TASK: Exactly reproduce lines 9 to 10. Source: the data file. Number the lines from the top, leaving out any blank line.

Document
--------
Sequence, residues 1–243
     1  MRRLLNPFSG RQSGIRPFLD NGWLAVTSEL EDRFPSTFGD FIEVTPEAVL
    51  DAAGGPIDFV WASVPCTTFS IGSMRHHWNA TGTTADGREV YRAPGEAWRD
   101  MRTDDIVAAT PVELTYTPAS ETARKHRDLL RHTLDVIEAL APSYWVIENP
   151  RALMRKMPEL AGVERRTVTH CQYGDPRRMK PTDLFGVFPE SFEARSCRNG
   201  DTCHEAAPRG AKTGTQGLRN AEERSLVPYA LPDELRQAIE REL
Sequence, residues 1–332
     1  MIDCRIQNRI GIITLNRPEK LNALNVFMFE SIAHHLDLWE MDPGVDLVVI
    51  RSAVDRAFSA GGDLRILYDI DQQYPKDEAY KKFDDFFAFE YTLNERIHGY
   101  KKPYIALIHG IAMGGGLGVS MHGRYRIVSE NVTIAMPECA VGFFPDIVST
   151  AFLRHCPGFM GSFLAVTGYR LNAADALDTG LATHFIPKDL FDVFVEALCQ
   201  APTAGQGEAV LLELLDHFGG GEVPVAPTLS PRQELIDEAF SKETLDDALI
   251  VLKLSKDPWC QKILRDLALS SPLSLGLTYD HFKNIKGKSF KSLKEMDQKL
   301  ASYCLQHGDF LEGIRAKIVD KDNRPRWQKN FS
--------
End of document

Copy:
    51  RSAVDRAFSA GGDLRILYDI DQQYPKDEAY KKFDDFFAFE YTLNERIHGY
   101  KKPYIALIHG IAMGGGLGVS MHGRYRIVSE NVTIAMPECA VGFFPDIVST